This article was updated on November 23, 2023

E2 Visa: Do Your Due Diligence Homework with a CPA When Buying a Florida Business

Purchasing an existing business in the United States can be an exciting prospect for foreign entrepreneurs interested in obtaining an E2 investor visa. This visa allows qualified individuals to enter and work in the U.S. by investing in a legitimate business. However, for those unfamiliar with U.S. business practices, buying a business in Florida comes with some key considerations.

E2 visa due diligence CPA

Understand the Business Model and Market

One of the most important steps is conducting thorough due diligence on the business opportunity. As a foreign buyer, you may not be accustomed to reviewing typical U.S. business documents like financial statements, tax records, and bank statements. It's essential to engage a certified public accountant (CPA) to analyze these materials. A competent CPA can determine if the documents accurately portray the business’s finances and operations.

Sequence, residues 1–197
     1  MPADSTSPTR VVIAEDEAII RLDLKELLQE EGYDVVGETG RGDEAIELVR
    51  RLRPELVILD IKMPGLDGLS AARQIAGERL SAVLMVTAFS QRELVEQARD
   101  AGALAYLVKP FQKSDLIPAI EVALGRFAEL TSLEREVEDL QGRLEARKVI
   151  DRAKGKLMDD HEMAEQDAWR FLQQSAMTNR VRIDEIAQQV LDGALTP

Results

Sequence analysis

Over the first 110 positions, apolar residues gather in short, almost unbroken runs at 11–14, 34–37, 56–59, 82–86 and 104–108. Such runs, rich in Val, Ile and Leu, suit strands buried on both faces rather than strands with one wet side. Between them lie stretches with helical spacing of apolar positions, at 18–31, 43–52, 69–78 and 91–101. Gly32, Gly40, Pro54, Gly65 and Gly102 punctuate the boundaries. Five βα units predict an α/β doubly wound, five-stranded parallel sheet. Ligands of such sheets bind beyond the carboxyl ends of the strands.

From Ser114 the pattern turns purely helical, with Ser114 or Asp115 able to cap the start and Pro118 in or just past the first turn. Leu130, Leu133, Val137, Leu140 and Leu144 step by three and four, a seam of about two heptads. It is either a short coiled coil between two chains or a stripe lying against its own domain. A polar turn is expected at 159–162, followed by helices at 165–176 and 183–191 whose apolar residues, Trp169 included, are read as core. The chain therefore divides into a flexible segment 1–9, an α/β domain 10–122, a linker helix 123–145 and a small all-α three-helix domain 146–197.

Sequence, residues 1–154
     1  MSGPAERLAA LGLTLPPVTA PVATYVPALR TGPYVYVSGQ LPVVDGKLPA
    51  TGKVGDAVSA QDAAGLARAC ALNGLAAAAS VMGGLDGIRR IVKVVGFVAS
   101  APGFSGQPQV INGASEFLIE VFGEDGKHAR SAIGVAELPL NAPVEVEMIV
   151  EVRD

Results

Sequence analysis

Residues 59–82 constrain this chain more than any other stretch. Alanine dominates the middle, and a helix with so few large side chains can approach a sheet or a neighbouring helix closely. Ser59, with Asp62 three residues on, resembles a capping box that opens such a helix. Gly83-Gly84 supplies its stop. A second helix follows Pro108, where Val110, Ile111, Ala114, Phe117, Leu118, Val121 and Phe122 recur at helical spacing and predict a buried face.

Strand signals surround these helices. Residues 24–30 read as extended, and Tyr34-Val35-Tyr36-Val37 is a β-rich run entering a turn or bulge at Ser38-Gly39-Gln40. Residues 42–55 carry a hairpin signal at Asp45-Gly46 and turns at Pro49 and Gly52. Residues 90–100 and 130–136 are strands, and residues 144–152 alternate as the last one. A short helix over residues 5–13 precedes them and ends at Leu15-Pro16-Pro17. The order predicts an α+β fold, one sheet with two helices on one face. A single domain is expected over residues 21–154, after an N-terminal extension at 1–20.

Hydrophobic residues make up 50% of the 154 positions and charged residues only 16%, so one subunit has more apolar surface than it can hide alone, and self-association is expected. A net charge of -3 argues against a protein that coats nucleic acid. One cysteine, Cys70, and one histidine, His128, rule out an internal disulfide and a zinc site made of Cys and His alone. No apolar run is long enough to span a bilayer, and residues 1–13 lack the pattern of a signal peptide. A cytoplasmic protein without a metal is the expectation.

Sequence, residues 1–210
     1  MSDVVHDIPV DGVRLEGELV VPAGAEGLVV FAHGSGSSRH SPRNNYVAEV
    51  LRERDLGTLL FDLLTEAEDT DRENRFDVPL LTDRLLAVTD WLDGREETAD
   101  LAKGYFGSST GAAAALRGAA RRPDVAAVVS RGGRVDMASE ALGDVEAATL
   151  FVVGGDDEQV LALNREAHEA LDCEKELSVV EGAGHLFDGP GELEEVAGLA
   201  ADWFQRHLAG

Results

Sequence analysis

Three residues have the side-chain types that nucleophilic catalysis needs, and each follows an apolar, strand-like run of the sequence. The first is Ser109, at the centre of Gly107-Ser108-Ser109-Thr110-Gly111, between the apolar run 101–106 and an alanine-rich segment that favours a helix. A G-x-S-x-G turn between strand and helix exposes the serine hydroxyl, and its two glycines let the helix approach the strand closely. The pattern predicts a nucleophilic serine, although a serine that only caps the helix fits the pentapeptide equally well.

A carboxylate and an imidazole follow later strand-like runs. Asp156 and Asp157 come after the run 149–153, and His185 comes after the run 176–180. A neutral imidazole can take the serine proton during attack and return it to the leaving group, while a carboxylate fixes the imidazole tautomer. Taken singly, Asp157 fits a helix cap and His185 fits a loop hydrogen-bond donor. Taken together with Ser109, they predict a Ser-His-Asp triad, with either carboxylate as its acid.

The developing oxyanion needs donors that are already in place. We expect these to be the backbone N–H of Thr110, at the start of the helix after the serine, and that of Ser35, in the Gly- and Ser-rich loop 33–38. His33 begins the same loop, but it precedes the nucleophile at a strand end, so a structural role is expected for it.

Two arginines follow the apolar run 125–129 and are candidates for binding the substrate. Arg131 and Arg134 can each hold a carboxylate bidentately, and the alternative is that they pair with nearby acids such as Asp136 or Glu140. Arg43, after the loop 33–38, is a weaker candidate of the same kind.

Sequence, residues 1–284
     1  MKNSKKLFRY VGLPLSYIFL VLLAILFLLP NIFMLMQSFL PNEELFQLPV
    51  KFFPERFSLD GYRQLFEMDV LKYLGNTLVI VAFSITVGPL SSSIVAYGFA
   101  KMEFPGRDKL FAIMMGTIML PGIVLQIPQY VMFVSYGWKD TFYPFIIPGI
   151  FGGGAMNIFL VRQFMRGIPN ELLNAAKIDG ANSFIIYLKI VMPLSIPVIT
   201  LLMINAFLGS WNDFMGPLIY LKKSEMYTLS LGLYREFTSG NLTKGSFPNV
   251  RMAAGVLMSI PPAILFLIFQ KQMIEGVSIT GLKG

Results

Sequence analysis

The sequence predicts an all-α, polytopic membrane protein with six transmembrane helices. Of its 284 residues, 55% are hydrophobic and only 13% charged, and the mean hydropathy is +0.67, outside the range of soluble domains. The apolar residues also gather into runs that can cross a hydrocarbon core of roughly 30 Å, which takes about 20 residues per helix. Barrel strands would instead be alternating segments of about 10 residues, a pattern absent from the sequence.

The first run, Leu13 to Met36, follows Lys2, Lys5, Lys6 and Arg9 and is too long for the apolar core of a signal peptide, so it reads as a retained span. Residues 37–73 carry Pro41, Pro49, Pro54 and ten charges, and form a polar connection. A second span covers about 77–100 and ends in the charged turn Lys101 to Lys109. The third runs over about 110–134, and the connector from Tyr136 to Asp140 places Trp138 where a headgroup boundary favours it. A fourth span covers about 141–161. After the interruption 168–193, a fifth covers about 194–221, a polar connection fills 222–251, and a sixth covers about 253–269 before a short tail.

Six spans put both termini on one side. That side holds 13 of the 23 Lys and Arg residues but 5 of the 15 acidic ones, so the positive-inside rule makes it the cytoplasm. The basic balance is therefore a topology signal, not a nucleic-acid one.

Verify Finances and Operations

Even with a CPA on your team, you must educate yourself on the target business. Take time to fully understand the business model, products/services offered, strengths, weaknesses, and risks involved before moving forward. A CPA can confirm whether documents are valid, but it's up to you to determine if it's a worthwhile investment that aligns with your goals and E2 visa application.

Align with E2 Visa Requirements

Remember that you bear the consequences of any rushed or uninformed decisions. Thorough due diligence takes time, but is crucial to avoid costly mistakes when buying a Florida business. Partnering with a knowledgeable business broker can also help navigate this complex process. With persistence and the right support, foreign entrepreneurs can successfully purchase Florida businesses – like those in Orlando, Tampa or elsewhere – to obtain an E2 visa. Just be sure to do your homework every step of the way.

The due diligence process will likely require reviewing and analyzing documentation such as:

  • Financial statements (past 3-5 years)
  • Tax returns (past 3-5 years)
  • Profit and loss statements
  • Balance sheets
  • Bank statements and accounts
  • Business licenses and registrations
  • Lease/rental agreements
  • Contracts and agreements
  • Inventory records
  • Equipment/asset lists
  • Insurance policies
  • Payroll documentation
  • Seller disclosures
  • And any other materials relevant to understanding current business operations and finances

Having a comprehensive list of requested documents will help you conduct thorough due diligence and avoid overlooking critical information when buying a Florida business as a foreign investor seeking an E2 visa.

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